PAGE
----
The Monthly (Australia) - - NOTED - KEVIN RABALAIS

Siri Hustvedt Scep­tre; $32.99

In nov­els such as What I Loved The Blaz­ing World and the me­moir The Shak­ing Woman or A His­tory of My Nerves, Siri Hustvedt ini­ti­ates deep philo­soph­i­cal and psy­cho­log­i­cal in­quiries with es­sen­tial ques­tions. “What is hap­pen­ing?” she asks in A Woman Look­ing at Men Look­ing at Women, her fifth and lat­est col­lec­tion of es­says, as she in­spects a work of art. Then, later in the book: “What am I see­ing?” With her typ­i­cal rigour and care­ful in­tent, Hustvedt ven­tures into sub­jects as di­verse as Pi­casso, Dick­ens, Pina Bausch and the mind–body prob­lem. Lit­tle es­capes her scru­tiny. She ex­am­ines pornog­ra­phy, gen­der pol­i­tics and psy­cho­anal­y­sis, of­fer­ing the­o­ret­i­cal and per­sonal es­says that at­tempt to nar­row what CP Snow deemed the “gulf of in­com­pre­hen­sion” be­tween the sciences and the hu­man­i­ties. Through­out, she re­minds us that the sim­ple ques­tions are never sim­plis­tic.

These 21 es­says open a di­a­logue among seem­ingly dis­parate fields, re­veal­ing what one can learn from an­other. The book at once in­spires and forces us to grap­ple with un­com­fort­able com­plex­i­ties. The Booker Prize long-listed au­thor and lec­turer in psy­chi­a­try at Weill Cor­nell Med­i­cal Col­lege chron­i­cles not only her years as a vol­un­teer writ­ing teacher in the locked ward of a psy­chi­atric clinic but also her time in psy­cho­anal­y­sis and the con­di­tion (mir­ror-touch synaes­the­sia) that causes her to ex­pe­ri­ence the sen­sa­tions of others. She also high­lights the im­pe­tus be­hind her own award-winning fic­tion.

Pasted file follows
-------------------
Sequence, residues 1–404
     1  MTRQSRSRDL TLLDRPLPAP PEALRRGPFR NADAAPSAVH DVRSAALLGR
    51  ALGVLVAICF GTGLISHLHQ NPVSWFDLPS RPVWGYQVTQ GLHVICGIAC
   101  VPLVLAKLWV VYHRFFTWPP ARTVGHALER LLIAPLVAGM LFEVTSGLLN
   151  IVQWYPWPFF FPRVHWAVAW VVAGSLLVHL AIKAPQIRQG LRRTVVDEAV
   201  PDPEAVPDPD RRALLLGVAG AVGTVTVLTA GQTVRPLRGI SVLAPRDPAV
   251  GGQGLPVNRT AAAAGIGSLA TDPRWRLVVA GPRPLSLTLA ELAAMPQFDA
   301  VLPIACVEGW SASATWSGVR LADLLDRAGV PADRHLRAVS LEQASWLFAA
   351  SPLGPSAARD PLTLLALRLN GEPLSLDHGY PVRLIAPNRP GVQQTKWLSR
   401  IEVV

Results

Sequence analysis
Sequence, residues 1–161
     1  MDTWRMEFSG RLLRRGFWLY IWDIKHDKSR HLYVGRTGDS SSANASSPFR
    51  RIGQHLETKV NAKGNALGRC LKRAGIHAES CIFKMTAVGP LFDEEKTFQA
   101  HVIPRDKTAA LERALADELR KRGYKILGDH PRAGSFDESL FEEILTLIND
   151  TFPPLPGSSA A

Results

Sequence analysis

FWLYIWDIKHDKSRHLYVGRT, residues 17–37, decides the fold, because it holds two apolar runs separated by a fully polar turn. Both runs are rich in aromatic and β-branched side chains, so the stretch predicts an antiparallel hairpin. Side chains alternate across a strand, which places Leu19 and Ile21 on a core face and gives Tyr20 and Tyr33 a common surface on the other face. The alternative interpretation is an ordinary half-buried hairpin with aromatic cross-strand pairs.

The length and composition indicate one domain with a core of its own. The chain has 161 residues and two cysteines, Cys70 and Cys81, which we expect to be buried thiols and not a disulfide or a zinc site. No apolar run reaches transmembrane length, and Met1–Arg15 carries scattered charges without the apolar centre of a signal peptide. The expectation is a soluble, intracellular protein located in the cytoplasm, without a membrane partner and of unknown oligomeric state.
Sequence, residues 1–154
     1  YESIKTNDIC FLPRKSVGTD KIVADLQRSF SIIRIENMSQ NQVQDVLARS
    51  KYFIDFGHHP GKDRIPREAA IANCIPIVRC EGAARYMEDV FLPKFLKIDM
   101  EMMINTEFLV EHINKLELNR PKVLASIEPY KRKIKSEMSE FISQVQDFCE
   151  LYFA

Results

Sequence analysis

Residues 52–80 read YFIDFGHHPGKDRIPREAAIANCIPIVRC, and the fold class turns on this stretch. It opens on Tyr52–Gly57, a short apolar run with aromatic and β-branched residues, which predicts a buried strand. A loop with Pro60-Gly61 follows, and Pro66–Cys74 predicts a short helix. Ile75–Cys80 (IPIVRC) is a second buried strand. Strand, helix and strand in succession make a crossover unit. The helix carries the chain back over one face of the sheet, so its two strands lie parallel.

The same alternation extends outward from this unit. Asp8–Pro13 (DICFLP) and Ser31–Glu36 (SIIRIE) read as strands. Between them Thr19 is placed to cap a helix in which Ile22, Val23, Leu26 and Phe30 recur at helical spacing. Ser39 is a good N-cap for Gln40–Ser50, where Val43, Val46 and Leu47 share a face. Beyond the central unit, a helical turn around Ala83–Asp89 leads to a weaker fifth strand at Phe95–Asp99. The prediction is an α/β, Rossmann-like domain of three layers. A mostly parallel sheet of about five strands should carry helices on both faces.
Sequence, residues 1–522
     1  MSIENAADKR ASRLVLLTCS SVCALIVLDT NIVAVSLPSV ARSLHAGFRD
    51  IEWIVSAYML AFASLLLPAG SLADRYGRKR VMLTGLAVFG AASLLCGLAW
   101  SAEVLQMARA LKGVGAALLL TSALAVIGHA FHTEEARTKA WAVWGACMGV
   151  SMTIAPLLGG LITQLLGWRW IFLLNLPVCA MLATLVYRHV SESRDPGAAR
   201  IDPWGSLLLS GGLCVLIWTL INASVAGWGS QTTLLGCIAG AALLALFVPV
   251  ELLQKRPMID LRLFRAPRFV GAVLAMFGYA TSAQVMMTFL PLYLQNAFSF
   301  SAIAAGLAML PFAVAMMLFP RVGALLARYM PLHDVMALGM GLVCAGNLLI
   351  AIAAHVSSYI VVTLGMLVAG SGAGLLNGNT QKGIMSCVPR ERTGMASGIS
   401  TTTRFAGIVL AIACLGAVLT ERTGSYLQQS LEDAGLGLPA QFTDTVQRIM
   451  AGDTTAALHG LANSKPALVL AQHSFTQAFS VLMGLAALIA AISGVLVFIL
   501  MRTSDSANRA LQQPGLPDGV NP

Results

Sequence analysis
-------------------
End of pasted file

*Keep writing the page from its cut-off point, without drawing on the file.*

“We are in­ex­orably led to the fun­da­men­tal ques­tion,” Hustvedt writes. “What does say­ing ‘I’ and ‘you’ have to do with who and what we are?” This type of ques­tion re­mains cen­tral in Hustvedt’s work, but here she plunges deeper into her in­ves­ti­ga­tions than ever be­fore. Her ideas de­mand great fo­cus, but as pay-off she of­fers an ed­u­ca­tion in the arts and sciences, even as she asks us to in­ter­ro­gate com­monly held be­liefs. “Why are the sciences re­garded as hard and mas­cu­line and the arts and the hu­man­i­ties as soft and fem­i­nine?” Hustvedt asks. “And why is hard usu­ally per­ceived as so much bet­ter than soft?”

Early in the book, Hustvedt writes about the na­ture of book re­view­ers: “Un­like most read­ers, who are not asked to com­ment for­mally on the books they read, re­view­ers are more com­fort­able when they feel su­pe­rior to the text they are read­ing, when it does not in­tim­i­date them or call into ques­tion their dearly held be­liefs about the world.” She calls ev­ery­thing into ques­tion. “Open­ness to re­vi­sion does not mean a lack of dis­crim­i­na­tion,” she writes. It’s in­vig­o­rat­ing to be in the pres­ence of an au­thor whose ag­ile mind and lu­cid voice force us to re­con­fig­ure our un­der­stand­ing of art and the in­tri­ca­cies in­her­ent in the way we live.


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